Most importantly (for me), John Jackson was an avatar of human spirit. As a loving and compassionate human being, he set the measure for proper conduct for those with a mind to follow.

Walk with me for a moment as I share a remembrance in testament.

The year was 2001, the location Port Townsend, WA.  This was the annual mid-summer week of blues workshops and performances which culminated in Saturday evening performances by the headliners (of which John was usually top bill).

Without getting into the details, I had taken ill prior to my attending Port Townsend.  There was a surgery just days before I scheduled to leave and I was about to cancel when my friend Art Sartwell thought it would be a good idea for me to go anyway, if only to convalesce in a healthy surround (His words, not mine. Spending seven days and nights with hard-playing non-sleeping musicians would strain anyone’s stamina).  Art literally picked me up and carried/drove me there.  Though it was a battle, Art’s plan proved to be the right course for the week.  Despite my discomfort, I had opportunity for considerable growth and exposure to musical ideas that would have been lost had I stayed home.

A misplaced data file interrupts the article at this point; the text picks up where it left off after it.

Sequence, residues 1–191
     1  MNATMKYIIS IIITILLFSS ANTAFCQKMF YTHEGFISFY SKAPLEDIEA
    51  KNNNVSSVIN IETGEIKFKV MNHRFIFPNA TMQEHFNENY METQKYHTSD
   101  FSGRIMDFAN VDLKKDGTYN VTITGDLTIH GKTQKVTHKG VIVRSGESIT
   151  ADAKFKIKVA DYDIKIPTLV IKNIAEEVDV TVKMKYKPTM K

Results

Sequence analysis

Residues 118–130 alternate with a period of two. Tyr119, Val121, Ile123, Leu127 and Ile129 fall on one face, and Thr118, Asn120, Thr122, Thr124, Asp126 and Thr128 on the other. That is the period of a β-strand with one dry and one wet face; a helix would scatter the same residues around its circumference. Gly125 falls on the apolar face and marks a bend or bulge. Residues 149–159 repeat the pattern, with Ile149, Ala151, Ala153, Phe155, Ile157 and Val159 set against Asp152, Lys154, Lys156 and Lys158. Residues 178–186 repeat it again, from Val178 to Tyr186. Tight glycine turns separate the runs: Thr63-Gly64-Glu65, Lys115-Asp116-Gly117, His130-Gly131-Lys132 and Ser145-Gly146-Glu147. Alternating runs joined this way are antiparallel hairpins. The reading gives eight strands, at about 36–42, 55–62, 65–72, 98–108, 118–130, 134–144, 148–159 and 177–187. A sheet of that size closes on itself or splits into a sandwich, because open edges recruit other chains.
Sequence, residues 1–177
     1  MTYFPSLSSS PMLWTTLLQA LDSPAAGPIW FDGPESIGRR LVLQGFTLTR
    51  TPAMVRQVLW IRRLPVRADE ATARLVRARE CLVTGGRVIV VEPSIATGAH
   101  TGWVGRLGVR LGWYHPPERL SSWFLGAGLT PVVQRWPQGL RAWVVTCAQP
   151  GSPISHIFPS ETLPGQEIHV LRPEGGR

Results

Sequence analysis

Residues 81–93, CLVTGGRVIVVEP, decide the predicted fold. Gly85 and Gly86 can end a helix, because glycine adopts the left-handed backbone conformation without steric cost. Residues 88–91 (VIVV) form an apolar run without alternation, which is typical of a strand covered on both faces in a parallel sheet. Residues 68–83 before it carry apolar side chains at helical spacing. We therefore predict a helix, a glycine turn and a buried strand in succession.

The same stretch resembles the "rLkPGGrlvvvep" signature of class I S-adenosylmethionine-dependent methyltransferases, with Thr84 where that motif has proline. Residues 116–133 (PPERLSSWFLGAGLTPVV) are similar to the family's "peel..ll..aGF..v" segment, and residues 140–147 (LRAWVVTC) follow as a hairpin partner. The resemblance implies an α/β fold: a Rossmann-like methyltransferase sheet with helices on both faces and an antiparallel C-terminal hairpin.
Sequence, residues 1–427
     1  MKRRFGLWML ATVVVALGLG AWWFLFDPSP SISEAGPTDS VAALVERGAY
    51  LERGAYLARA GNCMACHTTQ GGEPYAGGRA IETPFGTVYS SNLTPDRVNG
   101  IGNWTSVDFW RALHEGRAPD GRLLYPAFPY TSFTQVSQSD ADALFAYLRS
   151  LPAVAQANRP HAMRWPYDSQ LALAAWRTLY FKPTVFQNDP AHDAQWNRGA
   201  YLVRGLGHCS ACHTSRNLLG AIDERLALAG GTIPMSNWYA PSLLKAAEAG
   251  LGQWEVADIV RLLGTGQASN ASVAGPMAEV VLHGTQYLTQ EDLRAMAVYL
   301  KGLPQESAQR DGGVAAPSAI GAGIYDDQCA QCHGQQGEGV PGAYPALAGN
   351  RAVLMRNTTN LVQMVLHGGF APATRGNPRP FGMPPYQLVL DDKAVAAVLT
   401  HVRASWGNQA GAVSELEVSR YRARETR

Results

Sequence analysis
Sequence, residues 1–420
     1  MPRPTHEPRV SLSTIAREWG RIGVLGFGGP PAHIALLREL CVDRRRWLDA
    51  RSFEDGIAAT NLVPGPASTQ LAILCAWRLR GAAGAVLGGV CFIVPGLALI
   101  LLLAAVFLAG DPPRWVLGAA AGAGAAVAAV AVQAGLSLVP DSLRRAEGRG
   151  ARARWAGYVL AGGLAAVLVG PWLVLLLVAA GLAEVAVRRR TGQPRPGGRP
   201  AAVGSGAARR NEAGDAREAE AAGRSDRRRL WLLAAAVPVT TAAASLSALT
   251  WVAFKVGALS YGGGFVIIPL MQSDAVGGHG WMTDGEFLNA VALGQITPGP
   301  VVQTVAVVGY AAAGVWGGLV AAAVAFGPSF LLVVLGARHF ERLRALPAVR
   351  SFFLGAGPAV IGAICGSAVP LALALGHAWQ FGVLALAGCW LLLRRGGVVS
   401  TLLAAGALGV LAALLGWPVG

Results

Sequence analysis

By Saturday evening’s finale, while still looking much the ghost, I was ambulatory and took opportunity to attend the concert.  John had just finished his performance.  Once he was done, I stepped outside to get some air.  I was recovering but still worn and sensitive. The performance venue at Port Townsend is the Ft. Worden McCurdy Pavilion.  This is actually a converted dirigible hangar, which is popular throughout the year for various types of musical performances.  Stepping out, I went behind the pavilion, where I knew from experience several picnic tables were placed for performers to relax quietly in the shade of nearby trees.  Almost simultaneously John emerged from the main stage exit and came over to chat.  He commented I looked under the weather and was concerned.  He noted I was not dressing warm enough as it was a cold evening (every evening in Pt. Townsend was cold to John, who was accustomed to blistering Piedmont summers).  I let him know how much I enjoyed his performance.  John of course was always impeccably dressed, usually with Stetson hat.  Stories abound as to how it is impossible to take a bad photograph of John Jackson.  He always looked just about perfect, and those meeting him for the first time would be careful to note what he wore, if only to adopt style into their own lives.  That’s how he was that evening.  As we got to talking, I commented to John that, in the several years I’ve had the pleasure of his acquaintance, I never had the sense to get a photograph of us together, which I hoped to do before we parted that evening.  He asked if I had a camera; I confirmed. He said to take it out, and the first person we saw we would get to take the picture.